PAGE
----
Some questions suggest themselves: the Chalukyas seem to have worked liberally with both the northern and southern styles of temple building (and also a bit of the 'intermediate style', developed later in Orissa). Did the northern style actually come from the north and the southern from the south? In later times, how did these two styles get so clearly separated - hardly any northern-style temples in the South postdating these Chalukyan experiments and the southern style too seems not to have penetrated the north either (Thought: the Ellora Kailasnath temple (which was perhaps built a little after the Pattadakal temples) has a Southern feel about it).

Wednesday, February 01, 2006

Impressions - Aihole

Aihole is a village deep inside North Karnataka. It is home to perhaps a couple of thousand people; and it contains anything between a hundred and three hundred temples - depending on which guide book one reads. Most are ancient Chalukyan structural stone temples (600 to perhaps 1000 AD). A few of the prominent ones - Durga temple, which is said to have inspired the design of the Parliament building in Delhi, Lad Khan temple, ... - stand amidst lush lawns in a protected enclosure, to enter which Indians pay 10 rupees and the others (hordes of firangees come here) ten times that amount; a neat little museum stands nearby. The rest of the monuments are 'free for all'.

At a quick glance, much of the sculpture on the temple walls is not quite top-class; some look derived from the Pallava carvings at Mahabalipuram and the Kailsanatha temple at Kanchi, which were done at nearly the same time (the Pallava kings who patronized those sites and the Chalukya's of Aihole were rivals); yes, there are a couple of examples - Siva standing next to his bull and Durga slaying Mahishasura - which seem to be original designs - and superbly executed too. Anyways, the real importance of the place,as the book says, is in the range of architecture on display rather than sculptural decoration; one can look at specimens of both the northern Nagara style temple design and the southern Dravida style in close proximity - there are a few temples which vaguely resemble the Orissa style as well.

A straggling extension of the village snakes up a gentle hill - near the base is a cave temple called Ravana Phadi with a 10 armed, larger than life Nataraja image and on top is the plain Jain Meguti temple. From atop the hill one can take in the full sweep of the fields and scrubland stretching way beyond the village in all directions.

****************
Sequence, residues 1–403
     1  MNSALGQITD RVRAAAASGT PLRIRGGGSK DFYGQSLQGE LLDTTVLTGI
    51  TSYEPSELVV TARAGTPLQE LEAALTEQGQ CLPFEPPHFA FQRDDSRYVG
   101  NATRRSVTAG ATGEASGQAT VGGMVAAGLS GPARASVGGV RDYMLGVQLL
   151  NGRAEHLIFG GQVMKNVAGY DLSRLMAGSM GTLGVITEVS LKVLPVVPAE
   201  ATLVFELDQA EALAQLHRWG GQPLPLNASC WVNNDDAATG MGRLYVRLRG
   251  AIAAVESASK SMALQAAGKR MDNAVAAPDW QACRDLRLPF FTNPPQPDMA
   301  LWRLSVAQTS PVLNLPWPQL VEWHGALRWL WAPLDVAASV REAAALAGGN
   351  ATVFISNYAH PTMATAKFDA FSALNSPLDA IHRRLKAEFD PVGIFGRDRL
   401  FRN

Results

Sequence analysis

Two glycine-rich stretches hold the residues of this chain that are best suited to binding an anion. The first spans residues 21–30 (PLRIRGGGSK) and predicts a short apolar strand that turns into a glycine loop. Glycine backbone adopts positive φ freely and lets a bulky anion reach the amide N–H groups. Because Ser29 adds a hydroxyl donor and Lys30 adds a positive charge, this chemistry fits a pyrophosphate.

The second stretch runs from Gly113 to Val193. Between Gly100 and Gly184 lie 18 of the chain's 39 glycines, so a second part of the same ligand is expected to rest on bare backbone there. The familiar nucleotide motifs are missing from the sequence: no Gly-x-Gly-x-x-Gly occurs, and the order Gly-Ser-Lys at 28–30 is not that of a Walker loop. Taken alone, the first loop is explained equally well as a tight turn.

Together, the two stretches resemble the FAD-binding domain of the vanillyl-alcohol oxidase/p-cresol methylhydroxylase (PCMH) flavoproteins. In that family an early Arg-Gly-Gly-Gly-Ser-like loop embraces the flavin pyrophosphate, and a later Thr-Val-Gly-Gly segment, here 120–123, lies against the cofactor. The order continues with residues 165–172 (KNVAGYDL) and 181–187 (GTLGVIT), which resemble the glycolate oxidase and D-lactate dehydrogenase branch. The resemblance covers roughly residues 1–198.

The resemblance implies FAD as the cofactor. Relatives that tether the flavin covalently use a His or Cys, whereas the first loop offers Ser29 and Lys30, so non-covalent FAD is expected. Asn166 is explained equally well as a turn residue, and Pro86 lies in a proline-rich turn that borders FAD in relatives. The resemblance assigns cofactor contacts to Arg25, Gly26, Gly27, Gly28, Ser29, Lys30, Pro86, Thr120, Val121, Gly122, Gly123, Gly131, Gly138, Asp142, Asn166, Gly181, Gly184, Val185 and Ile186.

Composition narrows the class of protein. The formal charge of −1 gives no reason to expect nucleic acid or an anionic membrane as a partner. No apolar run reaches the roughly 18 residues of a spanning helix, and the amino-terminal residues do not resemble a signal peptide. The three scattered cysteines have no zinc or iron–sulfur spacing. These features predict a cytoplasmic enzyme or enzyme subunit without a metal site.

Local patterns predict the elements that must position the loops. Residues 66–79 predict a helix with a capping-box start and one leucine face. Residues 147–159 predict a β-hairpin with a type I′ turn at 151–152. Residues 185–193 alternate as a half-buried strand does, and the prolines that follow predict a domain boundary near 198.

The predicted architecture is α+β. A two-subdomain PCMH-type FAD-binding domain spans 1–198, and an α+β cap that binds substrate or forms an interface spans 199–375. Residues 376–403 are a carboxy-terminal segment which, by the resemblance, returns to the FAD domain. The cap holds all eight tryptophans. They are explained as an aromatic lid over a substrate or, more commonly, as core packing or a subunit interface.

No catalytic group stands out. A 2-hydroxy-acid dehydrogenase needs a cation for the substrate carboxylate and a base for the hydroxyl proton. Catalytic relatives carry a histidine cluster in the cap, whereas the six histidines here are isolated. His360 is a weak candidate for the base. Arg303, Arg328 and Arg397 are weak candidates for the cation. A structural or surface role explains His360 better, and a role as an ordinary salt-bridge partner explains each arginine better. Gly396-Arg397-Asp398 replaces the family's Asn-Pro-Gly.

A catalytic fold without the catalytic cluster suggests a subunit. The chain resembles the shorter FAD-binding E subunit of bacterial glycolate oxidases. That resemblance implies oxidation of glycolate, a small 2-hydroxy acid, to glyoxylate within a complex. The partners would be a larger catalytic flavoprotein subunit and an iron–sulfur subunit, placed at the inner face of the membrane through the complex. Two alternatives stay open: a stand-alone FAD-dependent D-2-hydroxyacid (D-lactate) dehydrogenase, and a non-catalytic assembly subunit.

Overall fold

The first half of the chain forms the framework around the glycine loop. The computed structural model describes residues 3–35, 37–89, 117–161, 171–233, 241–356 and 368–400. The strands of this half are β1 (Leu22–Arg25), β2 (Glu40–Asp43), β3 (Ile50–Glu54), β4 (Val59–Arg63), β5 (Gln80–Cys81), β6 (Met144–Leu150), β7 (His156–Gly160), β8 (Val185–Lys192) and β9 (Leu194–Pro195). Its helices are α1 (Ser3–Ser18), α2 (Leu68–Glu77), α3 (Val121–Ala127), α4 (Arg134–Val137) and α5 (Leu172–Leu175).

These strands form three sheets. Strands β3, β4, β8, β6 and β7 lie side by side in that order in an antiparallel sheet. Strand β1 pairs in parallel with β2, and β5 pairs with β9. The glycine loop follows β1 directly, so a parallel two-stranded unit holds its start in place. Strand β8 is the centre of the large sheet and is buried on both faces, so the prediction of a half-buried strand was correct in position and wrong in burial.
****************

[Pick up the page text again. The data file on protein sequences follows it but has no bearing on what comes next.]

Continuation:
Somewhere I see, written wistfully, many of these temples had been converted into houses and cattle-sheds. The implication: the present day denizens of Aihole have no appreciation for their architectural heritage. The villagers do seem seem very religious - the majority have holy ash smeared across their foreheads. We also saw some modern places of worship built of brick and concrete and interiors lined with bathroom tiles (more Maharashtran than Dravidian).

Life here seems hard. Water appears to be a concern although the river Malaprabha is not far and definitely, the lawns around the main temples get plenty. Bullock-carts are the principal cargo-carriers and most roads connecting the villages, except those on the main 'tourist trail' have long since crumbled into stone-strewn mudpaths, threatened by the scrub.

As we stop the car in a space between the closely built concrete dwellings below the Meguti temple , a gaggle of 4-6 year old kids come running. One little boy keeps touching me, pointing a finger at the sky: "Is he asking for money?" I wonder; perhaps I am mistaken. No word is spoken and the kids soon run off towards a shed-like structure from where they seem to have come - it has a facade supported by ancient-looking carved pillars and the rest of it, though of stone, is plain and boxy and the interior is quite gloomy. And then one catches sight of a woman standing there with a short stick, apparently calling them back - so, this is the local school!

Back after visiting the hill temple, I feel tempted to take a snap of the school. "Hey photo, photo!" the kids scream. The teacher seems to be admonishing them to be quiet and to stand steady. The flash goes. We start up the car and they all - including the teacher - wave us goodbye and one senses a slight tightening in the throat.